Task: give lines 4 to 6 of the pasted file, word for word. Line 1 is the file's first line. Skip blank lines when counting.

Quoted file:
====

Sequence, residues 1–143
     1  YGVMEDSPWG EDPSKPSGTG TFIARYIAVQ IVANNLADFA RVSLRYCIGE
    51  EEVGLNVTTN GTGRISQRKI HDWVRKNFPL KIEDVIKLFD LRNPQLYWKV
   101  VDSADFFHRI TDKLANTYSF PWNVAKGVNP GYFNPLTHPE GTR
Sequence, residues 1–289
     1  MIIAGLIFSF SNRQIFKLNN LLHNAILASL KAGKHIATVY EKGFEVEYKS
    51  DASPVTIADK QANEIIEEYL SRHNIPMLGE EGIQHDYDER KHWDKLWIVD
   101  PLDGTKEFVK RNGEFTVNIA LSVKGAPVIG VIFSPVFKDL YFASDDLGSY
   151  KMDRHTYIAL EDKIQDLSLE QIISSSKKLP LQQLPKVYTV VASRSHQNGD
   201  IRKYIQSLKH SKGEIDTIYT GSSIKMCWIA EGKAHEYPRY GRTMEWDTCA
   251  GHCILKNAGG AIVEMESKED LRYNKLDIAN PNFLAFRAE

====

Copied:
   101  VDSADFFHRI TDKLANTYSF PWNVAKGVNP GYFNPLTHPE GTR
Sequence, residues 1–289
     1  MIIAGLIFSF SNRQIFKLNN LLHNAILASL KAGKHIATVY EKGFEVEYKS